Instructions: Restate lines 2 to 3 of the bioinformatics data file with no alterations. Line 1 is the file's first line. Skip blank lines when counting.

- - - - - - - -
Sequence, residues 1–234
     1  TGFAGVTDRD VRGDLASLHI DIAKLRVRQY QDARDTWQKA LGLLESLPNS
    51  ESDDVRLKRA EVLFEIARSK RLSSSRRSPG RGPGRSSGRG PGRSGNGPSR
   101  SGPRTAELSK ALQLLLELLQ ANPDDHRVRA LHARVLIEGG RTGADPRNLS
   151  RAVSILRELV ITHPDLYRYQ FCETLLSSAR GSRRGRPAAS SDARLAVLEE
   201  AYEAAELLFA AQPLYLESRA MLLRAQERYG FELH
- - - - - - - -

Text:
     1  TGFAGVTDRD VRGDLASLHI DIAKLRVRQY QDARDTWQKA LGLLESLPNS
    51  ESDDVRLKRA EVLFEIARSK RLSSSRRSPG RGPGRSSGRG PGRSGNGPSR